Going Clubbing

Not that type of clubbing 😉

I am fortunate enough to work with some of the most motivated and inspiring young leaders in Goma (and, in my biased opinion, all of Congo). The Generation Hope program is designed to teach the students leadership. A good leader leads by example and by serving others. That’s my belief. These students take these lessons and go to their neighborhoods to teach others. Some people call this discipleship. These small groups throughout Goma and surrounding towns and villages are called “clubs”. Un Jour Nouveau has over 70 clubs started by leaders between the ages of 14 and 21.

Blackman (our resident famous rapper) and Fred (UJN renowned breakdancer and Generation Hope English instructor)taking a selfie with me on the way.
Some of my students. Noe is doing some weird squatting pose in front 🙂


One club in particular is led by one of my favorite students, Noe. This young man asked for a minute of my time my first week in Goma. He was already in my Wednesday afternoon English class where we started off studying the book of John. (Personally, I think John is a great place to learn leadership principles from Jesus. And of course we do this in English). I sat down with him and about 3 other students where Noe showed me the new schedule they had generated for me. I was to meet them every Monday and Friday, as well as the regularly scheduled Wednesday and Thursday classes, from 6am-8am to have extra English lessons. Although I was incredibly impressed with his initiative, 6am any morning doesn’t really work for me. So we compromised on a 2pm class.

Before I left, Mama Komeza told me I was wearing my scarf wrong. She  took it off my neck, wrapped it correctly around my head and said that prepared me for life in the neighborhoods.
Noe is a great leader; he’s smart, ambitious, kind, very thoughtful, and he’s got a great sense of humor (which I highly value). His club is held in a small, one-room school house in a neighborhood about 20 minutes away by car. There were 15 other young people present this particular day. The conversation was on treating others with respect. One guy brought up the fact that he doesn’t respect prostitutes because they choose a disgusting life… this turned into a very lively conversation, as you can imagine.
If there’s one thing I’ve learned in the time since I really started to believe what God says in His word (and it’s not just that He exists, See LINK)… since living on Hanover Place in DC, living in Haiti and now living in Goma… Through all my frustrations and heartbreak, it’s this: we are all broken by the sin in our lives; the sin just looks different depending on life decisions. This simple yet profound reality… who am I to judge you?
But honestly, many times I do. Many times I find myself critical of other peoples choices, not knowing the circumstances of their lives that may’ve led them to make that choice.  Determining “how far someone has to go” to be a “better person” isn’t a fair view of them; I don’t know how far God has brought them.
In my experience, love really does cover a multitude of sins. It has for me. But that doesn’t mean we don’t address issues of brokenness in our lives. It means addressing them with truth AND kindness. My students and I have discussed this at length. I’ve learned that truth without kindness is destructive and kindness without truth is irresponsible. Love and acceptance… learning to accept where someone is in life and choosing to love him or her. Would I encourage someone to remain in a situation that’s dangerous or not good for their health? No. So why would I encourage someone to live in a situation that has profoundly destructive effects on their soul?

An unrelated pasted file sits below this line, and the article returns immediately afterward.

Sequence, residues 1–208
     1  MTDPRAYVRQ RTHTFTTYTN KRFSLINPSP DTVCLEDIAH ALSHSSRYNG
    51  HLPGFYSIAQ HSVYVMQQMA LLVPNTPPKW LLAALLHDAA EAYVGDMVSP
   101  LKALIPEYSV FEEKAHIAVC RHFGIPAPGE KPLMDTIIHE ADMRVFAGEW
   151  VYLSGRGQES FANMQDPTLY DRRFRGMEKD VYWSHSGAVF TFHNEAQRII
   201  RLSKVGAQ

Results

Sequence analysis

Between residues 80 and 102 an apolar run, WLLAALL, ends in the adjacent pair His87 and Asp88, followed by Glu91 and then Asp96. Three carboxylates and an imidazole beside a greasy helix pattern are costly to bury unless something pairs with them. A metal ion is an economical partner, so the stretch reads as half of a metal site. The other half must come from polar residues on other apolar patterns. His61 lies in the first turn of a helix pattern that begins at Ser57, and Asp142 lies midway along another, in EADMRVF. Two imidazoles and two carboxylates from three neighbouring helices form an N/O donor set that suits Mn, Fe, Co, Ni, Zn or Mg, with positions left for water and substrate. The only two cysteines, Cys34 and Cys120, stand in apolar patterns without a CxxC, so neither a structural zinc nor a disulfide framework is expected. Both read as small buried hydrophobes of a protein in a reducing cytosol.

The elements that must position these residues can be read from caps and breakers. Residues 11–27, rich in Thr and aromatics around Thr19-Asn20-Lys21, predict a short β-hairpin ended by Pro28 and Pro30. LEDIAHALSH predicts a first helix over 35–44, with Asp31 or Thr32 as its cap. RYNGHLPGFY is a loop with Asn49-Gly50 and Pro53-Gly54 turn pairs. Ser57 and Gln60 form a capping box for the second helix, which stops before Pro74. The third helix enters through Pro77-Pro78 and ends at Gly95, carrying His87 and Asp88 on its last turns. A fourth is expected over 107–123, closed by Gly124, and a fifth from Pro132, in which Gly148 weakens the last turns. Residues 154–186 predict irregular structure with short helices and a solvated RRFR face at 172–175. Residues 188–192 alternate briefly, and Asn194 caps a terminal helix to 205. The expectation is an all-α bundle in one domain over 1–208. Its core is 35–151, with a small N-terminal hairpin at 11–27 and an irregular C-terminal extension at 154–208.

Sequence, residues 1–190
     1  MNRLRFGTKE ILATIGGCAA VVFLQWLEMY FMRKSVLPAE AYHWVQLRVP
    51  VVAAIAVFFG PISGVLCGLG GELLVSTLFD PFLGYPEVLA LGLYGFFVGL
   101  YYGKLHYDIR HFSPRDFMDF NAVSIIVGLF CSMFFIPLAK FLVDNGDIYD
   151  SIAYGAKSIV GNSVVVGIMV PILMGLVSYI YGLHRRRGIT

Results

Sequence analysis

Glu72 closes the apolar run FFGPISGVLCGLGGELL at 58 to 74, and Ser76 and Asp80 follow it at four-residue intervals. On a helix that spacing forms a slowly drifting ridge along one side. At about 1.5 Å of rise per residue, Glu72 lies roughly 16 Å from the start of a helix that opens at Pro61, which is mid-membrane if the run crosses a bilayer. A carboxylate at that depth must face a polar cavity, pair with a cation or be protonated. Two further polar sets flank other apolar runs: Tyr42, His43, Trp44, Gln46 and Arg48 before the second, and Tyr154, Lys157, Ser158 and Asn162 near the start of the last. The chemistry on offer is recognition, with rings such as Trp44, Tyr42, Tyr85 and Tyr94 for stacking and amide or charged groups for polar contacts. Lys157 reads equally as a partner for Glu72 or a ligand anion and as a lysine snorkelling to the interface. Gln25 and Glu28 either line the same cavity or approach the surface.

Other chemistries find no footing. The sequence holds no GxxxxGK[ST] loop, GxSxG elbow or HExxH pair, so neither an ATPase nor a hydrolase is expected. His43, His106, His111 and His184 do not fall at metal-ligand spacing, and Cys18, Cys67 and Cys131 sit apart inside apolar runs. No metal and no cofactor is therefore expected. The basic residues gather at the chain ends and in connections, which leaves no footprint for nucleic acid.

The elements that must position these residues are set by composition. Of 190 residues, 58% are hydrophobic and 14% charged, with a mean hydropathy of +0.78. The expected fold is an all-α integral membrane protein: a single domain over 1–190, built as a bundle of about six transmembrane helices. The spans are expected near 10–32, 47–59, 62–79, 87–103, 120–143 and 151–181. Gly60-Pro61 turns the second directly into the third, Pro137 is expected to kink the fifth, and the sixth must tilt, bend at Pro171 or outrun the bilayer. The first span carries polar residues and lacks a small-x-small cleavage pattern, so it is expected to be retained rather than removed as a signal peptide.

Personally, I have been really fortunate to have people in my life to call me out on the things I do or have done that are not good for my health, soul or otherwise. But without relationships built through love and acceptance, I never would’ve received the encouragement and correction. It would’ve felt like judgment and condemnation, and I would have carried it as shame and bitterness.
There have been people in my life who’ve said corrective things to me without having established a relationship with me (and sometimes without kindness). I carried those remarks as shame, condemnation and eventually bitterness. It was destructive. I don’t want that for other people. I want genuine, loving relationships for people because those kinds of relationships change lives.
 Noe does just that. He is building relationship, earning trust and he’s able to facilitate tough conversations. He did a beautiful job of shutting down condemning comments and promoting respectful and kind conversation. I did speak up occasionally to pose questions for them to think about and alternative perspectives to consider.  But I want them to think for themselves and I want Noe to feel empowered to lead. The reason I was there was to observe and listen; the reason they wanted me there was to hear my perspective and thoughts. We managed to find a nice balance of both.
I’m not sure why I left my backpack on to stand up and talk…
 I was (and remain) incredibly proud of my students, and I’m honored to have the opportunity to work with Un Jour Nouveau.

About Jenn Eason

I'm typically an over sharer, I don't embarrass easily, I like gnomes (please don't buy them for me), Cat meme's (I don't like cats), laughing, cold espresso with milk, spending time with friends and family, and I enjoy a good sarcastic banter... as long as it's not at someone else's expense. I'd also eventually like to develop a sound absorbing toilet. How can you support my work you ask? If you are interested in financially supporting my work, please send checks to my church with "Congo Missions" written in the memo line: The Lighthouse Fellowship 5200 Eisenhower Ave, #200 Alexandria, Va 22304

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